A new survey has found that in the past year, Americans are spending more frivolously and caring less about a tight budget.
While money can’t buy happiness, a year-over-year survey of 2,000 American online shoppers found an increase in the frequency and price tag of impulse shopping.
The average American will make an average 12 impulse purchases and spend an average $276 per month on said purchases this year, up from an average $183 per month last year. This corresponds with 62% of respondents saying they feel happy after an impulse purchase.
A year after the pandemic started, Americans are still impulsively buying the main essentials: food/groceries (48%), household items (42%), clothing (40%) and coffee (33%).
Commissioned by Slickdeals and conducted by OnePoll, the study also found two-thirds of impulse shopping takes place on phones and in beds.
While people still prefer to shop online a year after the pandemic began (53% in 2020 and 41% in 2021), there’s been an 11% increase in people venturing back to physical stores this year than last (22% in 2020 and 33% in 2021).
“The pandemic created significant challenges for global supply chains that increased consumer demand in a variety of sectors,” said Ryan Tronier, senior personal finance editor for Slickdeals. “Our past research indicated that at the start of the pandemic, consumers reported panic buying household goods such as toilet paper and cleaning supplies and our internal user data indicated that people were spending more on large purchases such as furniture, home improvement and technology. As such, it’s not surprising that this survey showed an increase in the frequency and dollar amount of impulse shopping.”
The study also found shipping and logistics woes from the past year have had an effect on impulse spending habits. Last year, 75% of Americans said they wouldn’t go through with their purchase if they had to pay for shipping. This year, however, only 67% feel that way.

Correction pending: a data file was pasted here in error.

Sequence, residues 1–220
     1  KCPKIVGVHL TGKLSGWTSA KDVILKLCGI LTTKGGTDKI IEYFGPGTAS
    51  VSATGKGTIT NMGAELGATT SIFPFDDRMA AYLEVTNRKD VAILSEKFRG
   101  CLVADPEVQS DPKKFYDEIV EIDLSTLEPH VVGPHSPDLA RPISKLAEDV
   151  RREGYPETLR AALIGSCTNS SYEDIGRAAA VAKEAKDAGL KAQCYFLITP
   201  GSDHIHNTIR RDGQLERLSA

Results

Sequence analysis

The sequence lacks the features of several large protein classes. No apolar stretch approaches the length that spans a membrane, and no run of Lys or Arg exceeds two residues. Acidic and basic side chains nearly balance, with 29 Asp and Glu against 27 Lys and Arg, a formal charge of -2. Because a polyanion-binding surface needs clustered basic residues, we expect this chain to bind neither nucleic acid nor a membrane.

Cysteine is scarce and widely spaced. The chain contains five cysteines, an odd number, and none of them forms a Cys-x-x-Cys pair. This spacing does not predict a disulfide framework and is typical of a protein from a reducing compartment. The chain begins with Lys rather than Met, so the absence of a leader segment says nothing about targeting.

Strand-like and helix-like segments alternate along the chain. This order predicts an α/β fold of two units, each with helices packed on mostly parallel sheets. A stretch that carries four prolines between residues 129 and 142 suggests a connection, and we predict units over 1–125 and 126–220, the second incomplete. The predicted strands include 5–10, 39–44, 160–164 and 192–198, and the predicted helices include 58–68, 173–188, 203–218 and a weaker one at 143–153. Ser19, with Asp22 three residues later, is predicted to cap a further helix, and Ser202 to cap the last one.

This is seemingly supported by an expected decrease in future, post-pandemic shopping habits. Two-thirds of respondents said they would continue shopping online post-pandemic, compared to 71% last year.
Signs of economic stability were visible, too. Nearly half (45%) said they’d be willing to spend their stimulus money on impulse purchases. When asked the same question last year, only 36% felt comfortable using their stimulus in that way.
This especially applied to holiday shopping. Since last year, there’s been a 10% decrease in holiday spending concerns.
The biggest change comes when packages finally arrive. Over the past year, 65% of people have had to be more vigilant about the deliveries they receive. Half (51%) have had more packages and deliveries stolen this year than ever before.
Tronier added, “Contrary to conventional wisdom, our research continues to show that impulse spending can be associated with saving money. Our Slickdeals community has millions of real people constantly finding the best deals at the best price, which means that even if you weren’t planning to buy everyday items such as laundry detergent or coffee at a given time, stocking up when there’s a great price can ultimately help your budget.”
WHAT DO AMERICANS BUY ON IMPULSE?
- Food/groceries 48%
- Household items 42%
- Clothing 40%
- Coffee 33%
- Toys 29%
- Takeout 28%
- Books 26%
- Vehicles 25%
- Technology 22%
- Spa services 20%
- Food/groceries 47%
- Clothing 38%
- Household items 38%
- Technology 27%
- Coffee 27%
- Vehicles 25%
- Takeout 23%
- Shoes 23%
- Books 22%
- Video games 20%